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Intravenous Immune Globulin (IVIG)

Immune Globulin Blood Product Derivative

Brand names:


Other names:

Asceniv®; Bivigam®; Carimune NF®; Cutaquig®; Cuvitru®; Flebogamma DIF®; GamaSTAN®; Gammagard®; Gammagard S/D Less IgA®; Gammaked®; Gammaplex®; Gamunex-C®; Hizentra®; Hyqvia®; Iveegam®, Octagam®; Panzyga®; Polygam®, Privigen®; Xembify®

Often used for:

Treating very low platelet counts, fighting infections in people with a weak immune system, immune thrombocytopenia (ITP), autoimmune hemolytic anemia (AIHA)

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What is immune globulin?

Intravenous immune globulin (IVIG) is a medicine used to help fight infections when a person has a weak immune system. IVIG gives your child antibodies that their body is not making. This helps them fight infections.

IVIG can be used to treat certain autoimmune disorders by stopping certain types of cells or proteins from attacking the body.

IVIG is a clear liquid given by IV into a vein or by infusion under the skin over several hours. The infusion starts at a slow rate and gradually increases if there are no side effects. If your child has side effects, the rate may be slowed, or the immune globulin may be stopped. The number of infusions your child gets depends on their condition and how they react to treatment.

Intravenous Immune Globulin (IVIG) can cause skin irritation. Tell your care team if your child has pain, burning, redness, or swelling around the IV site.

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May be given under the skin (subcutaneous)

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May be given into a muscle by IV

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May be given into a vein by IV

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Possible side effects

Most people have only minor side effects from IVIG. These can include:
  • Fever
  • Chills
  • Feeling tired
  • Mild muscle, or joint pain
  • Headache
  • Flushing
  • Skin rash
  • Nausea and vomiting
  • High or low blood pressure
  • Leg or arm swelling, redness, pain, or warmth
  • Later side effects known as serum sickness can happen 1 day or more after the infusion. Symptoms include muscle and joint pain, nausea and vomiting, and skin rash.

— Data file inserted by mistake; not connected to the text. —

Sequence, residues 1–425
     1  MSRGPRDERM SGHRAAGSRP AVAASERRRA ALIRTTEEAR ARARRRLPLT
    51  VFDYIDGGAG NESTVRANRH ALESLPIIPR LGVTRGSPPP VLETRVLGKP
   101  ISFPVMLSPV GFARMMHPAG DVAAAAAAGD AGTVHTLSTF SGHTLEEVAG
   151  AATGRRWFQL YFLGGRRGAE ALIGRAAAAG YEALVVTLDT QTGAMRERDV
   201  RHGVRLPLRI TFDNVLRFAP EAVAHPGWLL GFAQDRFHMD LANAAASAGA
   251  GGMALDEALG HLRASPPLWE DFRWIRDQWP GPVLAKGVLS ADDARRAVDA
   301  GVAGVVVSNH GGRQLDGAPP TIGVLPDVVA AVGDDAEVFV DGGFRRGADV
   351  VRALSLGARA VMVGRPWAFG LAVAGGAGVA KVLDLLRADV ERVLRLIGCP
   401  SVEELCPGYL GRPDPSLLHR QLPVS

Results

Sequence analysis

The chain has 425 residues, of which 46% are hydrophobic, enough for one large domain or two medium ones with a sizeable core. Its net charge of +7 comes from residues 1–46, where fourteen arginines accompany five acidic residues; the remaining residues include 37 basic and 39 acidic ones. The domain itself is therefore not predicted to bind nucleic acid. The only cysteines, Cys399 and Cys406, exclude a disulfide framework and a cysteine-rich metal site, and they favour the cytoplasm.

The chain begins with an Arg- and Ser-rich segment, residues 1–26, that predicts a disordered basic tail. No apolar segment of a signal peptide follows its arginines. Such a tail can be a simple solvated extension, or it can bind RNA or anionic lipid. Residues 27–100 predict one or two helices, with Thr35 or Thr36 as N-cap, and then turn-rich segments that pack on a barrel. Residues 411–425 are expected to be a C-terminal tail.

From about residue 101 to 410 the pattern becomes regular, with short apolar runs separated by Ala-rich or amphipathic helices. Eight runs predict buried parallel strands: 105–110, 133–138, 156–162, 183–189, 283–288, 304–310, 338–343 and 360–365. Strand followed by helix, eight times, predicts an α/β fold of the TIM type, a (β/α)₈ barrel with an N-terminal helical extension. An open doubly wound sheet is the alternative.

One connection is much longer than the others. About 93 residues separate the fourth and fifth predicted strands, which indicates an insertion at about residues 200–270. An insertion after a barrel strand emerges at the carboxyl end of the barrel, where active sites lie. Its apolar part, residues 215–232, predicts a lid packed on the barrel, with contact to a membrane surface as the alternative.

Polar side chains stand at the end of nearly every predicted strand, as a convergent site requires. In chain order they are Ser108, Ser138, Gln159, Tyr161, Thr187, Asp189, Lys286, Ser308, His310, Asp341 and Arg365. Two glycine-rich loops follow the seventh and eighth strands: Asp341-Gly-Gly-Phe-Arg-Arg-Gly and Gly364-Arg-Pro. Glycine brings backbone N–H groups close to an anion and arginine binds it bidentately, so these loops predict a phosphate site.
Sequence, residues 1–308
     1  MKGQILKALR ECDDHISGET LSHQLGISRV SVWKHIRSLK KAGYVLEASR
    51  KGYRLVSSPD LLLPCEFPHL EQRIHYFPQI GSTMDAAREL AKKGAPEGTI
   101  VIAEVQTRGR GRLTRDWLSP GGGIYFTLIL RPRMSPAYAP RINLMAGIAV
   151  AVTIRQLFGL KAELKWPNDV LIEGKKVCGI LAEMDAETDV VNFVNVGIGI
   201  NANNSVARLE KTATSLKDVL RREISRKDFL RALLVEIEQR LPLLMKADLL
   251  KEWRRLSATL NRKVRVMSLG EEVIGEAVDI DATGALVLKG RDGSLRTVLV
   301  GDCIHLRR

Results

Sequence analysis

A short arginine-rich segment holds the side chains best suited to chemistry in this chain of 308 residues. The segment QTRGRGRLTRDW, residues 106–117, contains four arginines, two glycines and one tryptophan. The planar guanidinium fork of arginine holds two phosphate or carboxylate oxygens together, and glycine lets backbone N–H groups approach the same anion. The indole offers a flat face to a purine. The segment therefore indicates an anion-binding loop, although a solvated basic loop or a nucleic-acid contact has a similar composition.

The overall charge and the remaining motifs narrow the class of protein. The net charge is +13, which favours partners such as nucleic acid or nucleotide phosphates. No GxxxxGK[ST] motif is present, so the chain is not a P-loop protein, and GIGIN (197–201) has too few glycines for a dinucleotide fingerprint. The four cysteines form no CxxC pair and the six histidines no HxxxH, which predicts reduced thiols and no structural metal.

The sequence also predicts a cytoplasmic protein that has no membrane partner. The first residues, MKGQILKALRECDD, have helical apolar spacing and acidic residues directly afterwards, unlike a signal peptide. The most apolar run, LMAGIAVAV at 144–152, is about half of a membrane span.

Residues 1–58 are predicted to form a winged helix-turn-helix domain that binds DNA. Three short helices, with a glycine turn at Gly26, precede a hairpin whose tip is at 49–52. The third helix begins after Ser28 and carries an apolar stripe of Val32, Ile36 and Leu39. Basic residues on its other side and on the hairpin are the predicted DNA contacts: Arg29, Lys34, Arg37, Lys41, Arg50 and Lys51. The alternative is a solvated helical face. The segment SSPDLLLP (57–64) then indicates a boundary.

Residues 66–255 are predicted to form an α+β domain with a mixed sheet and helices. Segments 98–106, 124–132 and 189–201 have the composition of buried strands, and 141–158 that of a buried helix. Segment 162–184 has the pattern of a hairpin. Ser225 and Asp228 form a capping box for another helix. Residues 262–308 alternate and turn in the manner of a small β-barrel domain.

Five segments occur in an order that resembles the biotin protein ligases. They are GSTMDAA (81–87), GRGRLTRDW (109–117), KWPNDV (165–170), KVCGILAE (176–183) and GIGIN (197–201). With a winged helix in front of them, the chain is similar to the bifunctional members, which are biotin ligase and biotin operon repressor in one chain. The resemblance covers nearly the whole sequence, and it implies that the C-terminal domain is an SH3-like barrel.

• Allergic reaction - If your child has symptoms of an allergic reaction, contact your health care team right away and take your child to the emergency room. Symptoms of an allergic reaction may include:
    • Rash, hives, or itching
    • Flu-like symptoms such as chills, aches, headache, or fever
    • Dizziness
    • Shortness of breath, coughing, or tightness in the throat
    • Swelling of the face or neck

Not all patients who get IVIG will have these side effects. Common side effects are in bold, but there may be others. Report any symptoms or side effects to your doctor or pharmacist. Find more information on side effects.

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Tips for patients and families

Be sure to discuss all questions and instructions with your doctor or pharmacist. 

  • If your child has side effects with immune globulin, the doctor may give them medicine such as Tylenol® or Benadryl® to treat the side effects.
  • Tell the nurse or doctor right away if your child has a fever, rash, pain, chills, or feels short of breath while they are receiving immune globulin.
  • Immune globulin is given by IV over several hours, starting at a slow rate and gradually increasing the rate as long as you do not have side effects. If you have side effects, the rate may be slowed or the immune globulin may be stopped.
  • Let your care team know if your child is on a low-sodium or sodium-free diet.
  • Talk with your doctor before your child gets any vaccines after getting IVIG. Some vaccines may not work as well if given too soon after IVIG.
  • It is important that patients tell the care team if they are sexually active, pregnant, or breastfeeding.